By Jian-Cheng Ku, Gabriël van Gelder, & Mehdi el Manouzi, DLA Piper Nederland N.V., Amsterdam
In a ruling published May 15, the Netherlands Supreme Court has considered whether perpetual loans should be viewed as debt or equity for tax purposes.
The Supreme Court has upheld the Court of Appeal’s judgement, finding fixed-to-floating rate perpetual capital securities are debt for Dutch tax purposes.
As part of a financing arrangement to acquire an external group, a Dutch energy network company issued fixed-to-floating rate perpetual capital securities for a total amount of EUR 500 million on Euronext Amsterdam.
The perpetual securities were ranked on an equal footing (pari passu) with preference shares, had no fixed maturity date, and the interest remuneration did not depend on the profit of the borrower.
The Dutch tax authorities disallowed the deductibility of the interest costs connected with the perpetual securities on the basis that they should be considered as an equity contribution and not debt.
Furthermore, the Dutch tax authorities stated that the perpetual securities should be considered as a profit participating loan due to the perpetuality, subordination, and the possibility for the debtor to suspend interest payments.
Dutch tax treatment of debt and equity
In general, subject to (non-)statutory restrictions on interest deduction, costs related to debt financing are deductible for Dutch tax purposes; payments related to equity financing are non-deductible for Dutch tax purposes.
Consequently, companies arrange the financing of their operations in such a matter to meet the qualification as debt for Dutch tax purposes to assure the benefit of tax deductibility.
Established Dutch case law has set out a defined framework on how financial instruments are classified as debt or equity for Dutch tax purposes.
In principle, whether a financial instrument is considered as debt or equity is determined based on its civil law classification. The determining characteristic to qualify a financial instrument as a loan is the existence of a repayment obligation by the debtor.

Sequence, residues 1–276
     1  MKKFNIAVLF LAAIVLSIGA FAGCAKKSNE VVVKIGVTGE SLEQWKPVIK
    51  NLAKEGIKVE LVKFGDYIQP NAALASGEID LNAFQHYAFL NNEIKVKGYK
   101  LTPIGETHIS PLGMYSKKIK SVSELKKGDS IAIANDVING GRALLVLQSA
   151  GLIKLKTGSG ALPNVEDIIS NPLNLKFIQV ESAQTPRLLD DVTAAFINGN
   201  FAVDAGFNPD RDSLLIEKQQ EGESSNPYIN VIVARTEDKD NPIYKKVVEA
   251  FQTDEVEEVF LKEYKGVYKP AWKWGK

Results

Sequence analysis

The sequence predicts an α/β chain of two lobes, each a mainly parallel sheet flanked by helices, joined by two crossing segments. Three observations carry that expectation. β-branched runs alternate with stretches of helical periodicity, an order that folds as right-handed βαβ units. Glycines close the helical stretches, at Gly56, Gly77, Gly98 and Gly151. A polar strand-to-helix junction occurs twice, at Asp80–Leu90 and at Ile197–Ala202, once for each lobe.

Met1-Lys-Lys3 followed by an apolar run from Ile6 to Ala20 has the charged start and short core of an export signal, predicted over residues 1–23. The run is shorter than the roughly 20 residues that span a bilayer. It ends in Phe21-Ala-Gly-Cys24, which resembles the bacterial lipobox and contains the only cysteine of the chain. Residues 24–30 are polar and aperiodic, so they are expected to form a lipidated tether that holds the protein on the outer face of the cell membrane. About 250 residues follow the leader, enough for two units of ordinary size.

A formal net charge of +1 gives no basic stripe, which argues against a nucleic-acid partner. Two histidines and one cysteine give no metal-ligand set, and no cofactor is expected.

Hence, if the recipient of financing is not obliged to repay the amount, the financial instrument is, in principle, not considered to be a loan for Dutch tax purposes.
However, the following three exceptions exist that re-characterise the loan to equity for Dutch tax purposes. These exceptions are sham loans (schijnlening), loss financing loans (bodemlozeputleningen), and profit-participating loans (deelnemerschapslening).
Therefore, a loan qualifying as debt for Dutch civil law purposes which is not a sham loan, a loss financing loan, or a participating loan, is considered debt for tax purposes.
A loan is considered to be a profit participating loan (deelnemerschapslening) if the loan has a term that is indefinite or longer than 50 years, the loan is subordinated to ordinary creditors, and the interest is depended almost entirely on profits of the debtor.
With respect to equity financing, it follows from case law that financial instruments that qualify as equity for Dutch civil law are treated as equity for Dutch tax purposes without any exemption to re-characterise equity to debt for tax purposes.
Dutch Supreme Court ruling
The Netherlands Supreme Court has upheld the Court of Appeal’s judgement, considering the perpetual securities as a loan for Dutch tax purposes.
The Supreme Court reasoned that the loan qualifies as debt for Dutch civil law purposes due to the repayment obligation. Therefore, the classification of debt should be followed for Dutch tax purposes even though the term of the loan is perpetual.
With respect to the Dutch tax authorities’ second argument that the loan (materially) qualifies as a participating loan, the Dutch Supreme Court holds a strict formal interpretation of the requirements as set out in case law (see above) and concludes that the conditions are not met to requalify the perpetual securities as equity for tax purposes. Consequently, the interest payments in connection with the perpetual securities are deductible for Dutch tax purposes.
The Dutch Supreme Court ruling is welcome and reaffirms that conditional repayment obligations and possible uncertainties do not impact the long-established rule that financial instruments that qualify as loan for Dutch civil law purposes should, in general, be considered to be debt for Dutch tax purposes.